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Depression

24 December 2019

Op-ed: Not feeling happy during the holiday? Why mental health awareness is important

If the festive season leaves you with more dread than cheer, you are not the only one. Guest writer Ilse-Lee van Niekerk explains why it's important to create more awareness around mental health during this time.

The festive season is portrayed as a time for fun and family, gifts and celebration, indulgence and “treat yourself”. Merry jingles play in every aisle, all the ads are selling ‘happy holidays’ and social media is flooded with #sundowners with #friends.

Unfortunately, it’s not all that merry for everyone.

Why so gloomy?

The festive season can be a very difficult time for the recently bereaved, people with fractious family relationships, those who are under financial strain, people feeling burnt out, suffering from depression, or who feel disconnected from the world.

The stark contrast between their feelings and society’s projections of what December should be like often leads people to feel very isolated, because reality is so different from the world around them. It’s as if the images which flood our screens and malls are salt in the wound and a constant reminder of how they are lacking.

 And then there's summer

South African summertime is, for many people, associated with the dreaded notion that only certain body-types are acceptable “beach bodies”, leading to the vast majority feeling inadequate. The social-media pressure of perfection can prohibit people from fully enjoying experiences and damage their sense of self-worth.

 A play that gets it

In 1985, British playwright Steven Berkoff wrote a one-man show, “Harry’s Christmas” about a man and his desperately alone week before Christmas. It opens with Harry counting the Christmas cards he’d received. He observes that the (small) number of cards depicts his worth in the world.

More than three decades after the inception of the original play, I will be performing a one-woman Afrikaans adaptation of the piece at the Woordfees festival in Stellenbosch in March. The play is still frighteningly relevant. These days we just measure our worth in the amount of ‘likes’ or ‘follows’ we get on social media, rather than Christmas cards.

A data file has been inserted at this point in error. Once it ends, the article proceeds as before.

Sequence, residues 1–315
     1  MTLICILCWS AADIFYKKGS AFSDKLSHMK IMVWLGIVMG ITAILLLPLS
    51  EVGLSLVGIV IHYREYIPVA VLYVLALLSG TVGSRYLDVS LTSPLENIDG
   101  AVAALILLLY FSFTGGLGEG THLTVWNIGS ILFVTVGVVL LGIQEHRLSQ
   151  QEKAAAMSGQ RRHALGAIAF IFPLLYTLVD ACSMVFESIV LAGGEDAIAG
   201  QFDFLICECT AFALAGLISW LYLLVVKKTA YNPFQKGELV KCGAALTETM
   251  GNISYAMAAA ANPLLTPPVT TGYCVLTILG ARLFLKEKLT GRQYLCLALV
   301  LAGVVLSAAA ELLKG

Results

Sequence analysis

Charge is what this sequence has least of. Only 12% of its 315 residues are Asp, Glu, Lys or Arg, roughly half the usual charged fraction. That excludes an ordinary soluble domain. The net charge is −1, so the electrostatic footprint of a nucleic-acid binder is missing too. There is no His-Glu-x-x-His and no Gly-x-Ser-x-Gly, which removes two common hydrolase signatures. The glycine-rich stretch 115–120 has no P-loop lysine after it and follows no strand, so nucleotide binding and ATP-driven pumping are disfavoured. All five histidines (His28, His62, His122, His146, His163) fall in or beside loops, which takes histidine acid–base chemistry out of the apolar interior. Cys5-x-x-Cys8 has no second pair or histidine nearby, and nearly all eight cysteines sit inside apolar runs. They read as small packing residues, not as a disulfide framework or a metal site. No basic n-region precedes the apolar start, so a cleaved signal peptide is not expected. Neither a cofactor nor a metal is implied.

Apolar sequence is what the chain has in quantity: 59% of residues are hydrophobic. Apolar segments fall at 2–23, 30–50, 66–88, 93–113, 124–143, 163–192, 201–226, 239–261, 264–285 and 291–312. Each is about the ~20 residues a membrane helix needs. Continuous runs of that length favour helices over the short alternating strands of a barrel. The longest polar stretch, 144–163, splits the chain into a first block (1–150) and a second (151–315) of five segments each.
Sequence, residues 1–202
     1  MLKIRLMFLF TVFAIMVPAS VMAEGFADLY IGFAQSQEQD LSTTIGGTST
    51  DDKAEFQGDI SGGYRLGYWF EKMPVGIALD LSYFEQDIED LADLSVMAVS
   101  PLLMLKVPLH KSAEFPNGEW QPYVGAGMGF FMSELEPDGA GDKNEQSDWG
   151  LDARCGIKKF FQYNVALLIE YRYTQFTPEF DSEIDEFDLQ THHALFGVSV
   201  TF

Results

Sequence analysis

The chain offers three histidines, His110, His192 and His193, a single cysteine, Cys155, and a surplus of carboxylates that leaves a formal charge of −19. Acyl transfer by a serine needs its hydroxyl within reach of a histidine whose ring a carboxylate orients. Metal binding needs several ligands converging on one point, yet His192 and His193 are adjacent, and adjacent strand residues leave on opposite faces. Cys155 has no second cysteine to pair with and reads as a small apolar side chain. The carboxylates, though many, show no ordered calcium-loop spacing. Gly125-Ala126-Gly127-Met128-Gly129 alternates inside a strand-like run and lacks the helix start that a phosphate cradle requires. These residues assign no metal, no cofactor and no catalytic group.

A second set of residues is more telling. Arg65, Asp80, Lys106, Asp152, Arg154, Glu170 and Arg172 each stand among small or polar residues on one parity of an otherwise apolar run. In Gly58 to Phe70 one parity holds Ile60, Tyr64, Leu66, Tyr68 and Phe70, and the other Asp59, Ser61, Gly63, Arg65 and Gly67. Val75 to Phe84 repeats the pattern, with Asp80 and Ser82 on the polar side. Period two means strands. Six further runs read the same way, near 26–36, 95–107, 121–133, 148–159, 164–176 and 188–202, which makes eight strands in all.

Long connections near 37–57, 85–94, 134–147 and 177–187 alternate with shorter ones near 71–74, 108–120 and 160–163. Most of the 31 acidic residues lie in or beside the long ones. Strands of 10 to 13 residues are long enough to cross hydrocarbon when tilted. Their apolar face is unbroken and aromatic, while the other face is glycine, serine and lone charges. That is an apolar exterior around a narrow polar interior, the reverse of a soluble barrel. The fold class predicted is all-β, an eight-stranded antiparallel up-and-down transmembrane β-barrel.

The arts occupy a unique position to generate awareness and cultivate empathy. When people watch a play with a particular character to whom they can relate, they feel less alone because the play validates their feelings and experiences.

Have empathy 

If you see someone suffering on stage and recognise yourself in that person, it is both reassuring and, hopefully, encourages you to seek help. Alternatively, you may recognise an acquaintance or friend in the stories and reach out to them. Either way, art moves people to empathy and empathy helps us understand.

In the light of all the excitement surrounding the holidays, little attention is paid to those on the fringes. Offices close and the majority of people depart on leave to spend time with loved ones. For those who can’t do the same, their daily routine grinds to a halt, leaving them to face their loneliness. There is a line in the play that says “Christmas is like an avalanche coming… you want to run away, but you’ve nowhere to hide".

Feelings of loneliness and unworthiness are often compounded and can lead to depression or anxiety. There is a lot of shame attached to loneliness and people like Harry think “loneliness is like a disease or smell... when you give off a whiff it puts people off”. Opening the discussion about people’s varying realities of the not-so festive season mitigates feelings of shame by helping people realise they are not alone and by broadening the perceptions of outsiders.

Why we are still so unaware of mental health 

Because of the stigma attached, mental health issues are not spoken about as openly as physical health issues, which results in ignorance. Shame and fear prevent people from seeking proper help or support - either professionally or by leaning on a personal support system.

Then there is the further issue of the lack of accessibility to professional help. There are only 2.75 clinical psychologists per 100,000 people in South Africa. Therapy is expensive and regarded as a luxury for a privileged few.

The South African Depression and Anxiety Group (SADAG) does a lot in terms of creating awareness, education, support groups, hotlines and making available counsellors through their website. One of their projects is a suicide and depression hotline, which typically records a spike in calls during December.

Know the signs

If you are worried about someone’s mental wellbeing, signs to look for are when people withdraw from social activities or show feelings of frustration, hopelessness or worthlessness. People may experience changes in the amount of sleep they get or their eating habits. It may be difficult for people to reach out, so try mentioning that you’ve noticed changes and are there to support them.

I hope to raise awareness of how important mental health is, especially at times when the levels of self-criticism, rejection and isolation are dangerously high. Being aware that it’s not “the most wonderful time of the year” for everyone is a step in the right direction.

 Important resources

SADAG: http://www.sadag.org

SADAG Mental Health Line

011 234 4837

Other contact information:

Suicide Crisis Line

0800 567 567

Cipla 24hr Mental Health Helpline

0800 456 789

Pharmadynamics Police &Trauma Line

0800 20 50 26

Adcock Ingram Depression and Anxiety Helpline

0800 70 80 90

Department of Social Development Substance Abuse Line 24hr helpline

0800 12 13 14

SMS 32312

Akeso Psychiatric Response Unit 24 Hour

0861 435 787